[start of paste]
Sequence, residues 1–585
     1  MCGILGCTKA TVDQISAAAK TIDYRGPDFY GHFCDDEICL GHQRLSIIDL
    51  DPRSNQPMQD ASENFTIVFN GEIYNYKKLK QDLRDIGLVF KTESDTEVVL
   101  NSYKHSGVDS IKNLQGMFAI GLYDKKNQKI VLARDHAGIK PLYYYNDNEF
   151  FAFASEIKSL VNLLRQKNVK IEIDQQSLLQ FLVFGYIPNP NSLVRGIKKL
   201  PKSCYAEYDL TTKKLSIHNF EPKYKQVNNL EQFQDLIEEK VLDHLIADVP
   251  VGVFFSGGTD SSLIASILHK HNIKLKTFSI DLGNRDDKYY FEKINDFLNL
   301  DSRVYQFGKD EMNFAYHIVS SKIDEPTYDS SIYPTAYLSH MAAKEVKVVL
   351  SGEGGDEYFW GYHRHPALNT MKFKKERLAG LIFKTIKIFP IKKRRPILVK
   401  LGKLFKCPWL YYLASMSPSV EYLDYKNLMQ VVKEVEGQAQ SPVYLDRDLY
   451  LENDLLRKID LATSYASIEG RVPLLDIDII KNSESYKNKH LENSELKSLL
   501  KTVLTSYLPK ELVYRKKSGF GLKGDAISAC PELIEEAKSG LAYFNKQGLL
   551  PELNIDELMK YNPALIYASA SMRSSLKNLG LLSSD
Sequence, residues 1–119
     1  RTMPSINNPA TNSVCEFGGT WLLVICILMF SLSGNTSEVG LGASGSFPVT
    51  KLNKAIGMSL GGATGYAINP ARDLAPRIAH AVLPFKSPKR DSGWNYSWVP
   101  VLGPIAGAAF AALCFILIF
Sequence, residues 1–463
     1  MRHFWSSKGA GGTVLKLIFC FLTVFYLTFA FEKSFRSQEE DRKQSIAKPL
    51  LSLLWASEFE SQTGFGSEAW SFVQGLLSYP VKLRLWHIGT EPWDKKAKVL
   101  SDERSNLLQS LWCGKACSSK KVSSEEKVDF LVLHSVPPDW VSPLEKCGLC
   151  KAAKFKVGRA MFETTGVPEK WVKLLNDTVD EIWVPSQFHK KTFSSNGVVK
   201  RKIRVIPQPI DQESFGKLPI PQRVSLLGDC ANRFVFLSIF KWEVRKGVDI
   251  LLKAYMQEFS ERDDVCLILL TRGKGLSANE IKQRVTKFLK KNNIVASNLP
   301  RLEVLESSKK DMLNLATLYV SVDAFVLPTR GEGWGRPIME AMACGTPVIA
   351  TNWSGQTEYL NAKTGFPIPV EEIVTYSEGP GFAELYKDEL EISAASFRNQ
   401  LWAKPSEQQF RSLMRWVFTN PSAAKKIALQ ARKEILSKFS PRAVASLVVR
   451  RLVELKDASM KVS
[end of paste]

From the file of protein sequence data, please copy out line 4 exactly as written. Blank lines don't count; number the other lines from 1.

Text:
   101  NSYKHSGVDS IKNLQGMFAI GLYDKKNQKI VLARDHAGIK PLYYYNDNEF